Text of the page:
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Open Access Research article

Genome-wide identification of WRKY45-regulated genes that mediate benzothiadiazole-induced defense responses in rice

Akira Nakayama12, Setsuko Fukushima1, Shingo Goto1, Akane Matsushita13, Masaki Shimono14, Shoji Sugano1, Chang-Jie Jiang1, Aya Akagi15, Muneo Yamazaki1, Haruhiko Inoue1 and Hiroshi Takatsuji16*

Author Affiliations

1 Disease Resistant Crops Research Unit, National Institute of Agrobiological Sciences, Ibaraki 305-8602, Japan

2 Maebashi Institute of Technology, Maebashi 371-0816, Japan

3 Present address: Du Pont Kabushiki Kaisha, 2-11-1, Nagata-cho, Chiyoda-ku, Tokyo 100-6111, Japan

4 Present address: Department of Plant Pathology, Michigan State University, East Lansing, MI 48824, USA

5 Present address: Bayer CropScience, Tokyo 100-8262, Japan

6 Disease Resistant Crops Research Unit, National Institute of Agrobiological Sciences, 2-1-2 Kannondai, Tsukuba, Ibaraki 305–8602, Japan

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BMC Plant Biology 2013, 13:150  doi:10.1186/1471-2229-13-150

Published: 4 October 2013

Abstract

Background

The rice transcription factor WRKY45 plays a crucial role in salicylic acid (SA)/benzothiadiazole (BTH)-induced disease resistance. Its knockdown severely reduces BTH-induced resistance to the fungal pathogen Magnaporthe oryzae and the bacterial pathogen Xanthomonas oryzae pv. oryzae (Xoo). Conversely, overexpression of WRKY45 induces extremely strong resistance to both of these pathogens. To elucidate the molecular basis of WRKY45-dependent disease resistance, we analyzed WRKY45-regulated gene expression using rice transformants and a transient gene expression system.

Results

We conducted a microarray analysis using WRKY45-knockdown (WRKY45-kd) rice plants, and identified WRKY45-dependent genes among the BTH-responsive genes. The BTH-responsiveness of 260 genes was dependent on WRKY45. Among these, 220 genes (85%), many of which encoded PR proteins and proteins associated with secondary metabolism, were upregulated by BTH. Only a small portion of these genes overlapped with those regulated by OsNPR1/NH1, supporting the idea that the rice SA pathway branches into WRKY45- regulated and OsNPR1/NH1-regulated subpathways. Dexamethazone-induced expression of myc-tagged WRKY45 in rice immediately upregulated transcription of endogenous WRKY45 and genes encoding the transcription factors WRKY62, OsNAC4, and HSF1, all of which have been reported to have defense-related functions. This was followed by upregulation of defense genes encoding PR proteins and secondary metabolic enzymes. Many of these genes were also induced after M. oryzae infection. Their temporal transcription patterns were consistent with those after dexamethazone-induced WRKY45 expression. In a transient expression system consisting of particle bombardment of rice coleoptiles, WRKY45 acted as an effector to trans-activate reporter genes in which the luciferase coding sequence was fused to upstream and intragenic sequences of WRKY62 and OsNAC4. Trans-activation of transcription occurred through a W-box-containing sequence upstream of OsNAC4 and mutations in the W-boxes abolished the trans-activation.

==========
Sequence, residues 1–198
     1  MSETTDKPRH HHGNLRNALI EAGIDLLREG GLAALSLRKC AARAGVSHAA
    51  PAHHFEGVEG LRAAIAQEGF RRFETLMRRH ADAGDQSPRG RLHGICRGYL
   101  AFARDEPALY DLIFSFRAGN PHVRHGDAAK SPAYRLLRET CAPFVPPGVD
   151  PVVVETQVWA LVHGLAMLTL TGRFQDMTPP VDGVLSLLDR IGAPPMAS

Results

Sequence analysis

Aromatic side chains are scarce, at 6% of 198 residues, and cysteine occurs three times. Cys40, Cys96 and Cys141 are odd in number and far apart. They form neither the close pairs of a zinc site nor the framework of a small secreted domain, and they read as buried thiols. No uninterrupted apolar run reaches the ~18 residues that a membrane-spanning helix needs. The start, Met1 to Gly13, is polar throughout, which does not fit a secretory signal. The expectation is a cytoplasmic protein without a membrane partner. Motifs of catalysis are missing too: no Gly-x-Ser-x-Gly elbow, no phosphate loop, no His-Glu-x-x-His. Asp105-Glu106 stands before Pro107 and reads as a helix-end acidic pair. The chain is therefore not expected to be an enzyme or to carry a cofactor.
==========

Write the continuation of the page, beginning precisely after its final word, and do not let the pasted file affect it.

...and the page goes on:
Conclusions

These data suggest a role of WRKY45 in BTH-induced disease resistance as a master regulator of the transcriptional cascade regulating defense responses in one of two branches in the rice SA pathway.

Keywords:
WRKY; Salicylic acid; Benzothiadiazole; Magnaporthe oryzae; OsNPR1